First to Fight

PzKpfw II Ausf D

Kit #: PL1939-012
Preview by Peter van Kempen
- P(dot)Kempen5(at)chello(dot)nl

Edited by Marc MERCIER

This Panzer II version differs in having a different running gear of a Christie- type suspension and was seen also used as a tracked self-propelled platform for the 75 mm Pak or 76.2 mm Russian Pak guns, this type titled “ Marder II”. I was interested in the model for above reasons as there are not many models around and those I have are 1/76 scale. (The Flamingo model in 1/76 is on one of the pictures below for comparison) At the price of these kits, usage of the running gear to get a 1/72 version of the Marder II but also the Flammpanzer Flamingo is within reach , so let's have a look at this kit.

As all kits in this series, you get a box with nice box art, coupled to a magazine on Polish defensive battles at beginning of WWII and German units employing this tank during the conflict.

Also, as with other kits, you get only one sprue frame with light grey, semi hard polystyrene parts, containing the whole delivery, enabling assembly of one unit, the light tank version. The traditional plastic capsule with glue , a very basic set of decals with early white cross national emblems and a toothpick for glue application are also in the box. The magazine, besides the difficult to understand Polish narrative on the war and events, shows views of the vehicle , with paint schemes in Vallejo colours and descriptions that, even in Polish language, can be understood.

There are also some useful pictures of this type for modellers, as not so many pictures of the Ausf D are about for reference.

The parts in the sprue look OK and detail is clean, I cannot find moulding faults like sink marks etc. Panels and such are well rendered and confirm to my documentation on the type. The anti slip detail on the mudguards is very nice. Tools are moulded on, but that's to be expected for a fast assembly kit as this.

Guns ,jack, exhaust ,antennae tray and the like are separate and usage of a natural piece of wood or stem as a unditching help stowage is advised. The turret top , guns frontal armour plate and bottom ring together form a PzKpfw II type turret as used for the Ausf C, also in this series. This type was actually the same. Looking at the body, it's a one piece part, to which the two completely moulded track units are fixed. As explained, these units and the hull have my interest due to possible use for conversions.

I am not disappointed: the company has succeeded in moulding the guide horns of these one piece track units as a single row and even the holes in them are clearly visible in profile. If you are not satisfied highlighting them with paint only, you could open them up (if you are up to it!).

Outside track detail, due to moulding limitations, is minimal and consists of straight bars. Here, a modeller has to help by adding some profile detail and /or hiding the lack of detail through application of dirt and debris. There is an option to cut out all wheels and then apply the separation gap by a saw cut and take away the solid middle of the sprockets and drive wheels, even adding new tracks or reusing the "between wheels" pieces after correcting the middle details as in the past with old Esci M48 and M60 Patton kits, but that's a show model approach that not many will go for. Personally I believe clever painting can do the work in a diorama setting and representative model collection.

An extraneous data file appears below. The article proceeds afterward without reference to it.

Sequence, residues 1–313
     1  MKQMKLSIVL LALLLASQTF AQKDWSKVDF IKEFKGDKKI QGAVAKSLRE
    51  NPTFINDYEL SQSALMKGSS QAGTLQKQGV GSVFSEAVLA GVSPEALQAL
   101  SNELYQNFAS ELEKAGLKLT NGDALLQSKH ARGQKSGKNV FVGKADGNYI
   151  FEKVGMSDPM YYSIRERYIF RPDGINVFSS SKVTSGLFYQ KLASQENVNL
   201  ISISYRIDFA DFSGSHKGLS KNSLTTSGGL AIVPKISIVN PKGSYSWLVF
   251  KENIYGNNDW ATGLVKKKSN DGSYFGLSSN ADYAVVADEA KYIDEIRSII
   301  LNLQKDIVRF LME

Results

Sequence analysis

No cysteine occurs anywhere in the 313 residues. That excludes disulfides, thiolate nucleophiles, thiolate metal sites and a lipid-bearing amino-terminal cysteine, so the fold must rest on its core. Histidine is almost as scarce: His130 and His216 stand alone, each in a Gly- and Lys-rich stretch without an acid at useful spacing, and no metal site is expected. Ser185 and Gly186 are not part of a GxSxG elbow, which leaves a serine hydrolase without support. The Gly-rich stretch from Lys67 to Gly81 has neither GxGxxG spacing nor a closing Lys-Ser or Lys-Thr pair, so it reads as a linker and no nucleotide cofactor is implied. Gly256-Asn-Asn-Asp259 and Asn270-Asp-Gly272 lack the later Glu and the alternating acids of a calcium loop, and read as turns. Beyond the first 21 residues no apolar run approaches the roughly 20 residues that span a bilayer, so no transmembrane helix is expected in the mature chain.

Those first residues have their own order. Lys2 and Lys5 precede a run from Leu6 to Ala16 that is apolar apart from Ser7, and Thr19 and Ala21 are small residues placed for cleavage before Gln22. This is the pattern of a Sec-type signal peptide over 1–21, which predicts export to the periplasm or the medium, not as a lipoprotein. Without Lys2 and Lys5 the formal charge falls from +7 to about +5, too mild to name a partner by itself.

Then the scale issue: on the internet, several different dimensions are quoted for this Ausf D model, as it seems to have been changed during its evolution: the general dimensions given for Ausf D are 4.65m long, 2.3m wide and 2.06m height.

But for the Flamingo (the flame version) it suddenly becomes 4.9m long, width 2.4m meter and height 1.85. This seems to result from using another engine and adding parts and hull design changes specific for the Flame thrower. See on the picture right the 1/76 model next to it.

Generally all the C and F versions dimensions of the other PzKpfw II are given as 4.81m long, 2.1m width and 1.95m high. So we know now that the body of other PzKpfw II types differs from the D version, namely being longer and generally only the length and width for the D version needs to be considered. We also have to bear in mind that there are no survivors of the early and later versions of D chassis. The ultimate test of measuring an original can't be done. What's the findings on the FtF model?
Length comes to 6.2cm and width 3.33cm, measured over the top deck details including the trackguards and the same for the complete trackunits.

A review I read on the net, concluding that this kit is under scale in length, at first seemed true. However, after gluing on one track unit, I saw that it protrudes forward (see left) and adds another 2 millimetres in total to the length of the track unit or body to 6.4cm overall. Even this could be measured longer on a real vehicle when a protruding tow hook or such would have been there too! The photo tries to capture that protrusion to the front out of the hull mass.
Translated to our scale length over all should be between 6.4583cm and 6.80555cm given for the D and the Flamingo respectively.
Scale width of body would be 3.1944cm and 3.333cm.


Looking at my findings on the length completed coming to 6.4cm (or more with a towing pintle) and width 3.33cm, I think this First to Fight kit is an acceptable 1/72 scale rendition of a seldom seen vehicle, in a reasonable scale rendition and with the better, single row track guide horn details and at this price.
I can therefore recommend this kit.

Preview sample purchased by the author.

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Article Last Updated: 09 September 2014